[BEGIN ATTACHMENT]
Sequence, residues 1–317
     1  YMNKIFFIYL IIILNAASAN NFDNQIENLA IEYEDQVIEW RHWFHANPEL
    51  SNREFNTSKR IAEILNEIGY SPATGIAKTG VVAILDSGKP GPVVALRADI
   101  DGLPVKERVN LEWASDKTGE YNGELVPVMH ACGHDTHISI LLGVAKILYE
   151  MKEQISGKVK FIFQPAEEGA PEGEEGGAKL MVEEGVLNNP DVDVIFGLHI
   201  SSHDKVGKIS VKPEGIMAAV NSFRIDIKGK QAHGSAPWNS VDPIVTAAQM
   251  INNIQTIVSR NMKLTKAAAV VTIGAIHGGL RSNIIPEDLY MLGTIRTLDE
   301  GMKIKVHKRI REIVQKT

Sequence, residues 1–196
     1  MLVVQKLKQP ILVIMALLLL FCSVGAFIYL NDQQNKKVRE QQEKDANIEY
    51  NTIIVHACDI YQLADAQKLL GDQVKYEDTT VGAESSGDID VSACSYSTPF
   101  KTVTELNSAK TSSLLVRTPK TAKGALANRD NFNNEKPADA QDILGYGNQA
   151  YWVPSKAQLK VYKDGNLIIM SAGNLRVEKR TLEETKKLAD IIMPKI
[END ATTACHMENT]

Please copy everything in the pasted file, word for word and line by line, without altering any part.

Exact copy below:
Sequence, residues 1–317
     1  YMNKIFFIYL IIILNAASAN NFDNQIENLA IEYEDQVIEW RHWFHANPEL
    51  SNREFNTSKR IAEILNEIGY SPATGIAKTG VVAILDSGKP GPVVALRADI
   101  DGLPVKERVN LEWASDKTGE YNGELVPVMH ACGHDTHISI LLGVAKILYE
   151  MKEQISGKVK FIFQPAEEGA PEGEEGGAKL MVEEGVLNNP DVDVIFGLHI
   201  SSHDKVGKIS VKPEGIMAAV NSFRIDIKGK QAHGSAPWNS VDPIVTAAQM
   251  INNIQTIVSR NMKLTKAAAV VTIGAIHGGL RSNIIPEDLY MLGTIRTLDE
   301  GMKIKVHKRI REIVQKT

Sequence, residues 1–196
     1  MLVVQKLKQP ILVIMALLLL FCSVGAFIYL NDQQNKKVRE QQEKDANIEY
    51  NTIIVHACDI YQLADAQKLL GDQVKYEDTT VGAESSGDID VSACSYSTPF
   101  KTVTELNSAK TSSLLVRTPK TAKGALANRD NFNNEKPADA QDILGYGNQA
   151  YWVPSKAQLK VYKDGNLIIM SAGNLRVEKR TLEETKKLAD IIMPKI